Is Infertility a Disease?

Many infertile couples have struggled with the moral and ethical issues surrounding the diagnosis and treatment of infertility. Both physicians and patients have asked whether the treatment of infertility is considered ethically acceptable. If so, what types of treatment are ethically acceptable?


Diseases are physical or mental conditions of an organism that result in deviations from normal species function. Any textbook dealing with human biology or physiology will discuss the seven organ systems of the human body. These include the circulatory system, the respiratory system, the musculoskeletal system, the digestive system, The urinary system, the neurologic system and the reproductive system. All seven systems are required for the normal functioning of the human. Since reproduction is one of these systems, any abnormality if the functioning of the reproductive system would constitute a disease.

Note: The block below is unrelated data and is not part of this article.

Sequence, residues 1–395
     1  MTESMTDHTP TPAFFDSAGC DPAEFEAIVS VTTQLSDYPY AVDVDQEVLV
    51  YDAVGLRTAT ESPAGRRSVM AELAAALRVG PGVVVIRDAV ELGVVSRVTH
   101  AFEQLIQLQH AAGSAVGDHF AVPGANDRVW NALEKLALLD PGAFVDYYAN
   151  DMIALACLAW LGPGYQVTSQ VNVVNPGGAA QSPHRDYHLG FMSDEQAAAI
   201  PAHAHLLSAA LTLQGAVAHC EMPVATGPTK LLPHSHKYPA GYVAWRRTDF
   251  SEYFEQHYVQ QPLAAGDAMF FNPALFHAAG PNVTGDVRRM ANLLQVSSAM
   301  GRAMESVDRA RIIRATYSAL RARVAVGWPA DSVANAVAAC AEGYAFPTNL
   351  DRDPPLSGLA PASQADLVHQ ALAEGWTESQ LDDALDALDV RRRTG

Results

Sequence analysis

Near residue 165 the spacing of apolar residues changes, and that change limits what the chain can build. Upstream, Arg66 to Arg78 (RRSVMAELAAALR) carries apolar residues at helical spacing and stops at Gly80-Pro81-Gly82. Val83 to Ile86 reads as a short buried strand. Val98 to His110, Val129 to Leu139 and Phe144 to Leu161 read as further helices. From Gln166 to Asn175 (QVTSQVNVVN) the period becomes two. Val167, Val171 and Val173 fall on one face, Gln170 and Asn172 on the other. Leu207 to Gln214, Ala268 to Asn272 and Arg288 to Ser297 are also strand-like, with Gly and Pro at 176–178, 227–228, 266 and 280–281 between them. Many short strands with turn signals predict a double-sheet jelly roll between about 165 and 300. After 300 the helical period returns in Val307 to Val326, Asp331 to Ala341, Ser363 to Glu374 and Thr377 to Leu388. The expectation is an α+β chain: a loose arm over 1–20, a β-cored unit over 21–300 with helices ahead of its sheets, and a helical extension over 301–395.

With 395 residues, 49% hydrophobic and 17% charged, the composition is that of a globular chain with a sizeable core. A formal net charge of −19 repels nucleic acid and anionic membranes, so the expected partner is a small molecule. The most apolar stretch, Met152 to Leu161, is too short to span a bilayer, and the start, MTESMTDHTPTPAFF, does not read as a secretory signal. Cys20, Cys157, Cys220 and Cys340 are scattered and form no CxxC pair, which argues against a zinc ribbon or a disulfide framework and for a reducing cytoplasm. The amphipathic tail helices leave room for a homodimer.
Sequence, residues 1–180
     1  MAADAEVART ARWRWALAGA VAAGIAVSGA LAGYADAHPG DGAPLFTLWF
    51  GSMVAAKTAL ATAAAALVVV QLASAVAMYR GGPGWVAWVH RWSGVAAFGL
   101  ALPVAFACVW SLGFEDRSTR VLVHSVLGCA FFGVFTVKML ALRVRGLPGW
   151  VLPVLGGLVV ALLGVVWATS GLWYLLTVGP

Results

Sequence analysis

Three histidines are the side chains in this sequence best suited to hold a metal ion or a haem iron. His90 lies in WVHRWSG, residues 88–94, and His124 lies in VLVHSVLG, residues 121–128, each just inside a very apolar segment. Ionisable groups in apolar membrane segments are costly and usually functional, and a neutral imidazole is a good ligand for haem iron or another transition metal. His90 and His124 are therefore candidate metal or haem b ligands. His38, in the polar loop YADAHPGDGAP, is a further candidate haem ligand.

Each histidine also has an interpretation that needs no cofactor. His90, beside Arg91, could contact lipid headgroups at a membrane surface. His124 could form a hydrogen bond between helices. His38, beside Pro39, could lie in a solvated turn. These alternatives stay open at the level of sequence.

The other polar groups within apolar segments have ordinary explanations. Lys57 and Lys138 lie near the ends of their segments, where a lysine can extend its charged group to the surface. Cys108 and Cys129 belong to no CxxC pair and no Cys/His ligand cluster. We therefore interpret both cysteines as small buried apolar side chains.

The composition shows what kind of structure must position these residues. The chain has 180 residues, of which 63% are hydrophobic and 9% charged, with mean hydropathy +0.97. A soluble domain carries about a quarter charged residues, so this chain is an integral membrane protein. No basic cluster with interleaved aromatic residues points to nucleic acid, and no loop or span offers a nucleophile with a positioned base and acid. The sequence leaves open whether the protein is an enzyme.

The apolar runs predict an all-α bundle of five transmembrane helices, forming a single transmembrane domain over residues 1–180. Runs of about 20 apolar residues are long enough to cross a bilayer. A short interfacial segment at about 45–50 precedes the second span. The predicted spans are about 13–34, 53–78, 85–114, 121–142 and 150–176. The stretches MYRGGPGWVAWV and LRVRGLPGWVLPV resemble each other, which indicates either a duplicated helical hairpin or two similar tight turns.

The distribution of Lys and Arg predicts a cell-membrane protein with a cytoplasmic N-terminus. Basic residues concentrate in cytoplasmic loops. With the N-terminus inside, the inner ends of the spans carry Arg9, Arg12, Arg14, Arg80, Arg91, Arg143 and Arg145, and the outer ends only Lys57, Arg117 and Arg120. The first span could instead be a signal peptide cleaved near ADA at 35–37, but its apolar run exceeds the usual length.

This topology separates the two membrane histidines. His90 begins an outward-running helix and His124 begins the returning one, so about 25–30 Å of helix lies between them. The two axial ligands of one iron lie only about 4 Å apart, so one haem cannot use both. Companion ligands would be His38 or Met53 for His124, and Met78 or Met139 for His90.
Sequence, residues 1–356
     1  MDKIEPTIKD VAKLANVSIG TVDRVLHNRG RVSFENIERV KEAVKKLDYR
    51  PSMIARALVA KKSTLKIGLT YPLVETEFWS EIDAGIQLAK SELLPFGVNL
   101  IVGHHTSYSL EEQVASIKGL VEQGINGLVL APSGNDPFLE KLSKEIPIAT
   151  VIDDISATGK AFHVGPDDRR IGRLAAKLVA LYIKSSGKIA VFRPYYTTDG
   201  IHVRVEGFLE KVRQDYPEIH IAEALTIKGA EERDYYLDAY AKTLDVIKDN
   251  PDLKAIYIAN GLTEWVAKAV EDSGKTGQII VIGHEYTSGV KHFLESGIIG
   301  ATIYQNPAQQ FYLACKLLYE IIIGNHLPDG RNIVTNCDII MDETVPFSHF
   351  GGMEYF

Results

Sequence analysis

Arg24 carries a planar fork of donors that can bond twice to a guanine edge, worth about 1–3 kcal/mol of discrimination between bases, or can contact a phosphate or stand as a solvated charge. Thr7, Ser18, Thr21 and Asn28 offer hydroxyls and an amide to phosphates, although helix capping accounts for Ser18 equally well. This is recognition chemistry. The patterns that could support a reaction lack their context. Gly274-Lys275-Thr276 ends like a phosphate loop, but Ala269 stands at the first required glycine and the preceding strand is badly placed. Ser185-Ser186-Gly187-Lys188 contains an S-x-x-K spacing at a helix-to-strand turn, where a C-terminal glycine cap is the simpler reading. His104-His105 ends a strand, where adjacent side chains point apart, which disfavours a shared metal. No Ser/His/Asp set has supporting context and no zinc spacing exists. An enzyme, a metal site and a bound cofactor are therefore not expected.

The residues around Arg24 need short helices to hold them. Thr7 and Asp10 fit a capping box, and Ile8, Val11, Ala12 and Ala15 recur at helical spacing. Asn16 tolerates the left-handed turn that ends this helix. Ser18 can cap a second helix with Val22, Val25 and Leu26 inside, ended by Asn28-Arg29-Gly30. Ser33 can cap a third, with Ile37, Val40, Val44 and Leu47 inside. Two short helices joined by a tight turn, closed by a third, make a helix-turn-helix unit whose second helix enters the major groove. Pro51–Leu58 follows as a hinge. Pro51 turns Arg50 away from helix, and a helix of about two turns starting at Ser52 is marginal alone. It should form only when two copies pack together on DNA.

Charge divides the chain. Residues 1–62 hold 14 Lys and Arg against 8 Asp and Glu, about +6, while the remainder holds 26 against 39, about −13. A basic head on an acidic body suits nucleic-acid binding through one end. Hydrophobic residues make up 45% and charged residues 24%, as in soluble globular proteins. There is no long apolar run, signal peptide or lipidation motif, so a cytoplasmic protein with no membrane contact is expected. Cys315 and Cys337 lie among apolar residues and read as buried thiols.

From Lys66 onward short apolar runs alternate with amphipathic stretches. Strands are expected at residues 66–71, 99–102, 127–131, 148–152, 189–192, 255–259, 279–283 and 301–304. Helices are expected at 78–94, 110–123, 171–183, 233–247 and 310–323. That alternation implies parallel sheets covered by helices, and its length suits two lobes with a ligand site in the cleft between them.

Diseases of any of these organ systems can cause serious life-threatening conditions (heart attack, ovarian cancer ) or milder non-life threatening conditions such as infertility or gastroesophogeal reflux. Whether the conditions are mild or severe, they nonetheless constitute a disease process.

As a disease, both patients and physicians are ethically allowed to treat it. Infertility treatment may take the form of correction of the underlying disease process. For example, surgery to open a blocked tube . Alternatively, fertility treatment may simply facilitate the goal of the reproductive system which is to produce a child. Examples if this type of treatment include causing ovulation to occur with fertility medications , performing intrauterine inseminations , or in vitro fertilization.